Bracewell & Giuliani



Powered by the attorneys of Bracewell & Giuliani, Energy Legal Blog® is your resource for updates and analysis on national and global energy issues.
WE KNOW ENERGY®
  1. The Administration Finalizes the WOTUS Rule. First Things First – the Immediate Obligations.

    Thursday, May 28, 2015 9:49 am by

    Yesterday, the Obama administration finalized the waters of the US rule it proposed last spring. There’s a lot to be said about the final rule, and so this will be the first in a series of blog posts (just like for the proposal). But because the new rule creates a few immediate obligations, we’ll start this series with the punchline.

    The rule remains broad, but is somewhat more clear (more…)


  2. Major Air Enforcement Action Against New Plant Owner Suggests the Value of EPA’s “New Owner Audit Policy”

    Thursday, May 21, 2015 11:41 am by and

    A new $1.3 million Clean Air Act penalty action by U.S. EPA and the Michigan Department of Environmental Quality against AK Steel Corporation has received significant public and media attention this week.  The proposed consent decree, filed with the court and opened for public comment on May 19th, includes significant cash penalties and supplemental environmental project requirements, along with burdensome obligations to establish an environmental management system, perform third party audits, and install costly new pollution controls.  Less often mentioned in this week’s stories about the consent decree is the fact that AK Steel just acquired the facility in question last year. (more…)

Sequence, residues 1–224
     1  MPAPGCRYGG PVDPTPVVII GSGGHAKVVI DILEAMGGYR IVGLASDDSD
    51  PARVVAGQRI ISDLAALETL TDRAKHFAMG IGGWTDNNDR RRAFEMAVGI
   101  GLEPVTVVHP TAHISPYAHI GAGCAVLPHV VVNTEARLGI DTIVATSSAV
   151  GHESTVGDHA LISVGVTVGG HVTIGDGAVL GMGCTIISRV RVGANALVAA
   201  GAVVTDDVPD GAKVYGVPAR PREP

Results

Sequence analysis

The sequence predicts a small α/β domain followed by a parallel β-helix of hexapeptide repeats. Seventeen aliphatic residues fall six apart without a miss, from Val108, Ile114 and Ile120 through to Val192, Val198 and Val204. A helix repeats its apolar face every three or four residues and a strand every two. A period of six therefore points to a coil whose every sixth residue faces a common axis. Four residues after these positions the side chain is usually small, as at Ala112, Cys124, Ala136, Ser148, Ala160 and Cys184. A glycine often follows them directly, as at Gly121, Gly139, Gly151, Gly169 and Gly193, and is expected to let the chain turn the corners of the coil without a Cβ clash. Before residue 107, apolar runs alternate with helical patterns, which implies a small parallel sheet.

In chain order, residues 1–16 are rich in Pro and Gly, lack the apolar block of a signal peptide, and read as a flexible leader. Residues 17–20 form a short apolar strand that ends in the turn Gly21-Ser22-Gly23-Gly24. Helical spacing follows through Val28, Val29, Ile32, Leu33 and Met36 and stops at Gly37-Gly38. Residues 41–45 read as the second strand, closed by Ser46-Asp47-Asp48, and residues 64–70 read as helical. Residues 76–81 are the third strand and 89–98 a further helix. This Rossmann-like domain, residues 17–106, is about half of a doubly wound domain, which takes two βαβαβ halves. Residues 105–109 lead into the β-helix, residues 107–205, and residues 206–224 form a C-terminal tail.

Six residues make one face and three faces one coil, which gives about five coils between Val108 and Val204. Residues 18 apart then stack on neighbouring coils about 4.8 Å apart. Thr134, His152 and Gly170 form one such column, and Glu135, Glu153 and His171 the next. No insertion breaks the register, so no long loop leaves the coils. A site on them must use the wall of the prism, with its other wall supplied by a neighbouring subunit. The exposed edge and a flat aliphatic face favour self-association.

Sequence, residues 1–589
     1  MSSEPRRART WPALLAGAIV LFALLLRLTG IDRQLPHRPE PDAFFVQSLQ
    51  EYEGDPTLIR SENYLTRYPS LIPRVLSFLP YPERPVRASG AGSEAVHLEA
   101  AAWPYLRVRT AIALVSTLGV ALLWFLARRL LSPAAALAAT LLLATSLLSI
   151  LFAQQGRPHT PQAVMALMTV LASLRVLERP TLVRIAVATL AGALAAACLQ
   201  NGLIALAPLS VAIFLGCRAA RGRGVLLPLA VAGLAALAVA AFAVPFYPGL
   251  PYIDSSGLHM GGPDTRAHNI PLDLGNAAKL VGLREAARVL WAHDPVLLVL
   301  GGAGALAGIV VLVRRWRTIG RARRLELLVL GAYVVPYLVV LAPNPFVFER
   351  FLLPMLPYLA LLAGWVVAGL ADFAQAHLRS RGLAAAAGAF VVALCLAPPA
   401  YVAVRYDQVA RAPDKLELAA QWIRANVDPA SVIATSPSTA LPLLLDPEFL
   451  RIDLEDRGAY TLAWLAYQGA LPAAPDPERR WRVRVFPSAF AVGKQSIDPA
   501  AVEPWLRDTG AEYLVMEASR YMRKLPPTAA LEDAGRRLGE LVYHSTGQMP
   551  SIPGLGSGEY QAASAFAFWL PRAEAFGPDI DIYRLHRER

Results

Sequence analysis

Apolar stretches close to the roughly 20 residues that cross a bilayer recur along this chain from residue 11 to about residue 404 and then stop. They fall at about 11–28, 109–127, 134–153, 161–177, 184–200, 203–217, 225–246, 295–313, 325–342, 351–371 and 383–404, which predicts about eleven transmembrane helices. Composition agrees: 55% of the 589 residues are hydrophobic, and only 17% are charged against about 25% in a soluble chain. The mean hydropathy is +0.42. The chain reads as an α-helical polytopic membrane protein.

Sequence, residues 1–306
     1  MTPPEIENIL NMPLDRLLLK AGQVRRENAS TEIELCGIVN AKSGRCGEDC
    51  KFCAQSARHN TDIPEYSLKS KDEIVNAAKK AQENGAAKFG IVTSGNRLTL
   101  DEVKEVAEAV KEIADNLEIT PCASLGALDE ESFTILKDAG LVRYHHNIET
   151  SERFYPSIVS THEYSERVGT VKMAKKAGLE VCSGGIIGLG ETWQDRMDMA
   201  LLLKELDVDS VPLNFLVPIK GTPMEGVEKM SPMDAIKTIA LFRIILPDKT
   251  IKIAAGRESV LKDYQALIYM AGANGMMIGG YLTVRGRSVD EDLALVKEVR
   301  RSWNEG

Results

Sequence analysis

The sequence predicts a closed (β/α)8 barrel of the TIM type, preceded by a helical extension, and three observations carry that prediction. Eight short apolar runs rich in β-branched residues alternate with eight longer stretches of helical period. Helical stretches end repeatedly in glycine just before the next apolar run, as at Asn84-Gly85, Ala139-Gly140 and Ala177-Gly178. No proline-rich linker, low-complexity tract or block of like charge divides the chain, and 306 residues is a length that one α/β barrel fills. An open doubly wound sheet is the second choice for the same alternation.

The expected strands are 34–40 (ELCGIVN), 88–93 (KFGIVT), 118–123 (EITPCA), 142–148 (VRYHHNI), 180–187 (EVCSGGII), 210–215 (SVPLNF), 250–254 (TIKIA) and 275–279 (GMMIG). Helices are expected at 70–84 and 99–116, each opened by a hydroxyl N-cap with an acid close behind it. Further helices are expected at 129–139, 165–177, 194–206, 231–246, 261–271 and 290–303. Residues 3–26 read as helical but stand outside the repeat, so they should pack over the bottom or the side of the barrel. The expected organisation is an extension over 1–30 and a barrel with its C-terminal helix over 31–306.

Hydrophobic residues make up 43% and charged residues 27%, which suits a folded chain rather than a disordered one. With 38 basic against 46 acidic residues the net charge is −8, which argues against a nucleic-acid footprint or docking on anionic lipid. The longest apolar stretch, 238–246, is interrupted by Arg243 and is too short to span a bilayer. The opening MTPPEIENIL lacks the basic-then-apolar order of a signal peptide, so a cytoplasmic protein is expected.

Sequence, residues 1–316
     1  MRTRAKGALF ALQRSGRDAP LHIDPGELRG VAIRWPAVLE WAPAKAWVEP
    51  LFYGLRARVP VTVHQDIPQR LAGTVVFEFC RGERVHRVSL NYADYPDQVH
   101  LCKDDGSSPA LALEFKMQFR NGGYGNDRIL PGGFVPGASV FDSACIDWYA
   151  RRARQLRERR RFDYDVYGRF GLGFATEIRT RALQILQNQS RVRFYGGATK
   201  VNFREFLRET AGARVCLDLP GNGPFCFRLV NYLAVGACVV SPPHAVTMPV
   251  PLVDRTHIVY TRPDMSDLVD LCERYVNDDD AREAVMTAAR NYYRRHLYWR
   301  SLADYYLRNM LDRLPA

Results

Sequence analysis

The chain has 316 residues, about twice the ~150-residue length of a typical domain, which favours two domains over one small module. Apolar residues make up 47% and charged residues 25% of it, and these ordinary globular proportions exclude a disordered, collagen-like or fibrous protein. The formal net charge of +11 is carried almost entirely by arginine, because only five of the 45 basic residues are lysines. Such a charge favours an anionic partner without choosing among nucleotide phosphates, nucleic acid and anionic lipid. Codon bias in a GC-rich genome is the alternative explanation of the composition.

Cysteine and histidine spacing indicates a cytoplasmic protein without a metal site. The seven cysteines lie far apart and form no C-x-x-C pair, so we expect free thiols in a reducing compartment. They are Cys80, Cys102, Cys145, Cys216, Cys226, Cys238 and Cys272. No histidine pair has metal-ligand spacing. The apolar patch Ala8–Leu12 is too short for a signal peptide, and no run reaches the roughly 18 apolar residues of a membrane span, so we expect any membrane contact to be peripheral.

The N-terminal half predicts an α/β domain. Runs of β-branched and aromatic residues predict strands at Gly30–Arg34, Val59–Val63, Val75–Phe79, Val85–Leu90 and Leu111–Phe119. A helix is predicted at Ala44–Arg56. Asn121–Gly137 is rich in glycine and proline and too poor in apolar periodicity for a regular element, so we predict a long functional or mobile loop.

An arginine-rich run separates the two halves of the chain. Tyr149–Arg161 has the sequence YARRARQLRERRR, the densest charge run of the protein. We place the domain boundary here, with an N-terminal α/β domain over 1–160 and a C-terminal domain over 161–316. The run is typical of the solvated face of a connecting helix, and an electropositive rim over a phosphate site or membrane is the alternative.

3. Commercial UAS Modernization Act Introduced to Streamline Drone Integration

    Tuesday, May 12, 2015 5:16 pm by

    Senators Cory Booker (D-NJ) and John Hoeven (R-ND) recently introduced the Commercial UAS Modernization Act, legislation designed to streamline the integration of commercial unmanned aircraft systems (UAS) in the United States. The legislation would establish an interim rule governing small UAS operations, provide the Federal Aviation Administration (FAA) with some flexibility on issues like visual-line-of-sight (VLOS) operations, reduce the regulatory burden for commercial operators, create a new deputy administrator position at the FAA focused on UAS, and encourage maximum use of current FAA UAS test sites. (more…)


  4. Regional Enforcement Snapshot: North Africa

    10:52 am by , and